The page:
Second, women might hesitate to tell because they don’t want to get their hopes up and later have something bad happen. At first, it is difficult to believe you are pregnant, especially before seeing a doctor. Then after your first appointment, you are nervous something might happen during the first trimester. You feel too vulnerable to fully embrace the excitement of having a baby when you know the possibility of disappointment. I felt this especially after I experienced a miscarriage before Cooper was born. Naively, I had allowed myself to love the unborn baby completely, without any hesitation. Then, at the ten week ultrasound, my perfect, happily-ever-after world collided with the world of harsh reality --no heartbeat detected.
Third, I think women hesitate to tell others because if they do miscarry, they don’t want to discuss it with everyone, especially if they are not a verbal processor or if they value their privacy. Discussing the loss could be extremely painful. In my case, however, I needed to process the grief and found myself doing this with people who didn’t even know I was pregnant to begin with.
All of these reasons are valid and have merit, which is why I, a verbal processing and far from private person, even find myself holding back from big formal announcements during the first trimester. But there is one problem: it is incredibly lonely. To me, it felt like I was hiding a huge, wonderful secret, one that I wanted to announce with joy from the rooftops! Instead, I forced myself to celebrate within. And sadly, for many women this feeling of loneliness only exponentially becomes worse as the hours, days and weeks continue through the first trimester, depending on how horrible they feel.
Luckily for me, my impossible-to-keep secret was discovered early on because of my morning sickness.
Around 5 ½ weeks I started getting really nauseous, and I had to tell my close friends because I relied on them for support. But faking it to the rest of the world still felt isolating. There were weeks I prayed daily for even a five-minute respite from the nausea. Dropping off Cooper at summer camp, I pretended to feel fine even though I had just thrown up in a 7-Eleven cup while driving only four minutes down the street. When people asked how our summer was going, I’d answer, “Great, busy…how are you guys?” when what I needed was a listening ear to vent to or someone to watch the kids while I slept all day. One day I couldn’t handle the sickness anymore. I didn’t even feel I could get myself up from the couch. In desperation, I asked my mom to fly down from Oregon to give me some temporary relief. When you are that sick, it’s hard to fake functional. Work was piling up, my communication with friends was limited and my functionality to be ME had disappeared. Yet, I still didn’t announce my pregnancy publicly to even some friends and family..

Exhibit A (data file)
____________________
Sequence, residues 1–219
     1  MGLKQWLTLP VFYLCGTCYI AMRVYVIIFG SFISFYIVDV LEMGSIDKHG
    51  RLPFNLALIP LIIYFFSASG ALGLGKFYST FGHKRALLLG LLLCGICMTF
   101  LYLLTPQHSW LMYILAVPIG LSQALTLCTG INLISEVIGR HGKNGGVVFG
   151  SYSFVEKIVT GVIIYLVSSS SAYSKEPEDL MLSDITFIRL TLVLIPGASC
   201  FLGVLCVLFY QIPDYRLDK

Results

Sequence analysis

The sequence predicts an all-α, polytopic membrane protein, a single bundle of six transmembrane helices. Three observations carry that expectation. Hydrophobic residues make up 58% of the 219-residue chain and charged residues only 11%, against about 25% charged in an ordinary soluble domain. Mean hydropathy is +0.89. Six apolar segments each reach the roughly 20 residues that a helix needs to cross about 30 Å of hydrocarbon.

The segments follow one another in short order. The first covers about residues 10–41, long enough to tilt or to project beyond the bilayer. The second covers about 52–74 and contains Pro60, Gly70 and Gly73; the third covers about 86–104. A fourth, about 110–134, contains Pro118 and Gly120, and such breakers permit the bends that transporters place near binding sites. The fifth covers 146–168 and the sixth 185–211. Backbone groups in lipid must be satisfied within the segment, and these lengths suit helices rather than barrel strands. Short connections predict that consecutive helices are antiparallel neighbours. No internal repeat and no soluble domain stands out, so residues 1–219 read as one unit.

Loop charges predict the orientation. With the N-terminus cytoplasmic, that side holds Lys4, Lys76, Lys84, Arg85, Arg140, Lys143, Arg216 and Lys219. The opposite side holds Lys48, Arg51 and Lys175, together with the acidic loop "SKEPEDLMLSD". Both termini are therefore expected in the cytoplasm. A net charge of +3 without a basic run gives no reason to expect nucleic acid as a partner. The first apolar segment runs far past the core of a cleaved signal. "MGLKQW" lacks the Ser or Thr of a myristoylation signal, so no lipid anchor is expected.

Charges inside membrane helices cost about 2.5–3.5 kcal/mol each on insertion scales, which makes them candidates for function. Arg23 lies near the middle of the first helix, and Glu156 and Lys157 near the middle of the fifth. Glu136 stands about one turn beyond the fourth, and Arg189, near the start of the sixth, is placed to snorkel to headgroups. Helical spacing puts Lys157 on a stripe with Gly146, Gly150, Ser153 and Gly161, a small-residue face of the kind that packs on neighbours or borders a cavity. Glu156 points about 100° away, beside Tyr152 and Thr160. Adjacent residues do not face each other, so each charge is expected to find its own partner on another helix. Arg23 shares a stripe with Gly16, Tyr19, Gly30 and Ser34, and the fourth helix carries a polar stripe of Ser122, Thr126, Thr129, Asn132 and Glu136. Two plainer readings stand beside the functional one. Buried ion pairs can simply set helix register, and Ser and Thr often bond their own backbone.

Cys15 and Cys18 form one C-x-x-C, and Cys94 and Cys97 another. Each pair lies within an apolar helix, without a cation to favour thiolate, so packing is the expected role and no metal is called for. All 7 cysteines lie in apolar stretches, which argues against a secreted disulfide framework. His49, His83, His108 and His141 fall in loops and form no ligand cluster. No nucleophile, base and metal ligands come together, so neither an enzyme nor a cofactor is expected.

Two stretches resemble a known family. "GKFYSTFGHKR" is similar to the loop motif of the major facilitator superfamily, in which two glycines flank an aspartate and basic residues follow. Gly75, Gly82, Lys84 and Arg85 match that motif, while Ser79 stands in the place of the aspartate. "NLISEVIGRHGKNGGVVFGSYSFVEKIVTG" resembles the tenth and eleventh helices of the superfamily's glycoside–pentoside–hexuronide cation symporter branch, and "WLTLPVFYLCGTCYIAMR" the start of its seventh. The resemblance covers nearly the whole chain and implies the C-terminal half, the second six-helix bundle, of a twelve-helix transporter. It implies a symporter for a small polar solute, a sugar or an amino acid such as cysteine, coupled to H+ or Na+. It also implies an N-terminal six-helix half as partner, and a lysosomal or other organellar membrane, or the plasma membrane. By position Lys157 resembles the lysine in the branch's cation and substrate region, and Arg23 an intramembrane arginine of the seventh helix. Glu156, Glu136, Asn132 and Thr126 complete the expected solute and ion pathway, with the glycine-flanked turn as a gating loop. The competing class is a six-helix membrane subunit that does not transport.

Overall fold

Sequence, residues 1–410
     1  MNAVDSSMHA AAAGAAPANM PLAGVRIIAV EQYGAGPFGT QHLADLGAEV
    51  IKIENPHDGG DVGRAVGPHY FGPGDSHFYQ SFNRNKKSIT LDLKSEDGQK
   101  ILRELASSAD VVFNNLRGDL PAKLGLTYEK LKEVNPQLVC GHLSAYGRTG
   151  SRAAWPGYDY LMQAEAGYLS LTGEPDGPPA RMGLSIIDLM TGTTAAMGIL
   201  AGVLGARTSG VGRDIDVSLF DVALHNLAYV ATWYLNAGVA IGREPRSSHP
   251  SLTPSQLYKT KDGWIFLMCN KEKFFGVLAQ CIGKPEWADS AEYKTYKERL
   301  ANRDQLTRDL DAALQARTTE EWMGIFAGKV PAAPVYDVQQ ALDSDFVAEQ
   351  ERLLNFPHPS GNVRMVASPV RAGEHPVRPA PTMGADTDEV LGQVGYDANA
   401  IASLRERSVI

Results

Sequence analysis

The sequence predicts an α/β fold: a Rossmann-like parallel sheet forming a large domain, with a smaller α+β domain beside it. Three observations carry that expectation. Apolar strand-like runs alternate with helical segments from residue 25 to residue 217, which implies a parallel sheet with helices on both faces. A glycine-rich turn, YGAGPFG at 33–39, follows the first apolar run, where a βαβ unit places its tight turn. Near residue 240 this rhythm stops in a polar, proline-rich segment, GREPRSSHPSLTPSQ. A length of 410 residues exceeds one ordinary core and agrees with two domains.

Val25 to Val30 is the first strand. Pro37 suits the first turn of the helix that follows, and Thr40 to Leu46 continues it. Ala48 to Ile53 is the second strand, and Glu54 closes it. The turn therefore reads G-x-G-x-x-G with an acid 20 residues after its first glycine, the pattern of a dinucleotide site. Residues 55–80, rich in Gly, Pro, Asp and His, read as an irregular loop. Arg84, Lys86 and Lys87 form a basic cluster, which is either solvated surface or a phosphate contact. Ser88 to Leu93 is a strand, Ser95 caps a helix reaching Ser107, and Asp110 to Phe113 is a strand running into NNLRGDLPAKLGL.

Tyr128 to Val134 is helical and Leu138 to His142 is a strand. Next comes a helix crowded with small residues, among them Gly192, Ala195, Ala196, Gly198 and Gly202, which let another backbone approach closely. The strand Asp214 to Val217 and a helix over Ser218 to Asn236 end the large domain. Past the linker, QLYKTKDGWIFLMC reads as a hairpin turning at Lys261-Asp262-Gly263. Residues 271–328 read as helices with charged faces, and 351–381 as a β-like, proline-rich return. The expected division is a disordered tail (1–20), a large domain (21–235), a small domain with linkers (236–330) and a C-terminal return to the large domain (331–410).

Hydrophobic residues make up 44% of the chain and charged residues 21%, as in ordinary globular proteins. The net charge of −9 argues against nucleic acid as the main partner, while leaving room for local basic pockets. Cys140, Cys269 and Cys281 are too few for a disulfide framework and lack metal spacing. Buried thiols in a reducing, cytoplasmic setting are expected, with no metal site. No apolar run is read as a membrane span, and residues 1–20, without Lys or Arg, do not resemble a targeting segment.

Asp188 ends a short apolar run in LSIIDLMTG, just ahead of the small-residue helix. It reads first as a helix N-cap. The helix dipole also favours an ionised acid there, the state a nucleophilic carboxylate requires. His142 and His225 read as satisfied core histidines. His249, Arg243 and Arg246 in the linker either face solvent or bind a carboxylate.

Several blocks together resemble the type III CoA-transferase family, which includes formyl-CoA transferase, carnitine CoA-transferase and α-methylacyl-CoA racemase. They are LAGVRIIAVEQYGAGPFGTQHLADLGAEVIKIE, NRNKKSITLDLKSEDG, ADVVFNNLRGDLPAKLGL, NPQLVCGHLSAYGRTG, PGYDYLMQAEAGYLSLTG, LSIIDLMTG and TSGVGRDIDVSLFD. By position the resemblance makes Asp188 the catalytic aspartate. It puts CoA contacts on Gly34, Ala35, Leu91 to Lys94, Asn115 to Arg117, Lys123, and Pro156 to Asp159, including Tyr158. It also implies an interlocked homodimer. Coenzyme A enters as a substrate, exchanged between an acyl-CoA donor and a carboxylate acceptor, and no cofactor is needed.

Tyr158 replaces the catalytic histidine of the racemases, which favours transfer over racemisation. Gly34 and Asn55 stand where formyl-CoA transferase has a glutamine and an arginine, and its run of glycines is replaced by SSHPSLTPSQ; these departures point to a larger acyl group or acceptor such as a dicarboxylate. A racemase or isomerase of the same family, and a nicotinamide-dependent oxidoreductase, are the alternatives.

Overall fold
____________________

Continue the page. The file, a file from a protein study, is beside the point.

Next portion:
I am not sure I have a solution. Women have a right to choose when to share their news and when to keep it to themselves. More than anything, I am writing this piece to share my experience and highlight the real and rarely discussed isolation that many (perhaps most) women feel while they suffer alone at home with the emotional and physical changes happening internally that first trimester. Many times, I felt “wimpy” being barely pregnant yet struggling so much. Yes, first trimester is challenging, but as difficult as it is, it feels almost inappropriate to complain. I remind myself how great a blessing it is to be pregnant when many women struggle to become so. I remind myself how great a blessing this pregnancy is to my husband and me since the choice to become pregnant again was almost taken from us when I nearly died from hemorrhaging after giving birth to Cooper. Yes, I am incredibly grateful to be pregnant. But first trimester still sucks.